November is peak “What Have We Learned?” territory for websites, newspapers and, in fairness, Joe Schmidt.
Last November, we learned that we can beat the best in the world in a one off game.
This year, we learned that we’re a very good test rugby side with growing depth in some areas and gaping chasms in others.
In that regard, we learned something that we kind of already knew but I’ll get to that in an article in the morning.
As for this game, I would think that it played out within expected parameters for Schmidt pre-game but not what he would have expected at half time.
The first half was Ireland’s almost exclusively bar an 8 minute spell of fairly ineffective Puma attack. Those other 32 minutes were as good as I’ve seen us play in some time. We retained the ball incredibly well, ran fantastic support lines, brutalised their set piece and relentlessly attacked Sanchez (directly and indirectly) off the lineout like he owed Johnny Sexton and Bundee Aki money. The 13-0 scoreline at half time didn’t really reflect the dominance that Ireland had in the use of the ball. It could, and should, have been more.
Much of the half had been playing out with Argentina targeting Jacob Stockdale under kick return scenarios. It worked once but the rest of the time it failed to generate the outcome they wanted. That profligacy with possession gave Ireland all the invitation we’d need to run ball back at them again and again with real precision and purpose. With Murray and Sexton directing runners like O’Brien, Stander, Aki, Stockdale and Farrell around, Ireland looked capable of putting 30/40 points on the Pumas in relatively short order.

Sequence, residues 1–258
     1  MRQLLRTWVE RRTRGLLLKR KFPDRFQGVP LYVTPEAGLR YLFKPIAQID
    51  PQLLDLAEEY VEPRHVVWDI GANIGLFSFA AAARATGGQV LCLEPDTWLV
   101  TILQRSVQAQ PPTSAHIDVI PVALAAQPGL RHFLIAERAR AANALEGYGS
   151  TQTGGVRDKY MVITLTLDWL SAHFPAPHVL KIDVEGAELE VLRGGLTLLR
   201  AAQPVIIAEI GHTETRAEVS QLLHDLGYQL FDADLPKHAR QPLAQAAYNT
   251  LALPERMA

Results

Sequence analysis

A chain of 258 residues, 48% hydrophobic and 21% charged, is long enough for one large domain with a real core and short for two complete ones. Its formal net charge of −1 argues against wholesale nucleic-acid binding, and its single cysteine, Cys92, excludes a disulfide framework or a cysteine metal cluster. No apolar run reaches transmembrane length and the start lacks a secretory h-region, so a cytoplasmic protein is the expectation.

That was the first half.
The second half began in a similar fashion to the first 40 with Sexton popping Stockdale through yawning gap in the Puma’s midfield. The young Ulsterman’s finish was the work of a special player and at that point, who would have bet against Ireland stepping on Argentina until the seams burst? 30 points? 40? It was all on the table.
It didn’t play out like that.
Argentina stopped kicking the ball away on their possession and, crucially, began to get a plethora of breakdown penalties from the referee, Mathieu Raynal. I have a feeling that some of those will be a point of contention for Schmidt & Friends in the video review. The field position that those penalties gifted the Pumas allowed them to rack up the phases in Ireland’s 22. That would stretch our defence and eventually lead to two tries in a 15 minute spell sandwiched between a powerful CJ Stander try off the back of a maul that effectively killed the game as a live contest.
Argentina picked up a last minute try that put a gloss on their scoreline but that could easily have been at least an Argentinian yellow card on their try line a minute prior. Monsieur Raynal felt differently.
The nature of Ireland’s flatness between 55 and 70 minutes will be a concern to Schmidt. The loss of Farrell certainly didn’t help Ireland’s cohesion at that point (Adam Byrne had to slot in at 13) and a lot of the subs didn’t pump the performance like they would have wanted.
In the end, I thought 28-19 was flattering to the Pumas.
Ireland were comfortable enough winners and never really looked like losing this game at any point.
Sure, it wasn’t the dominant scoreboard win that Schmidt would have wanted but there was enough here to warrant some satisfaction going into the Spring. There’s still some issues to be worked out – who plays 12 and 13 with everyone fit – but this series will have left the IRFU quite satisfied. Three sellouts, three wins, some new stars.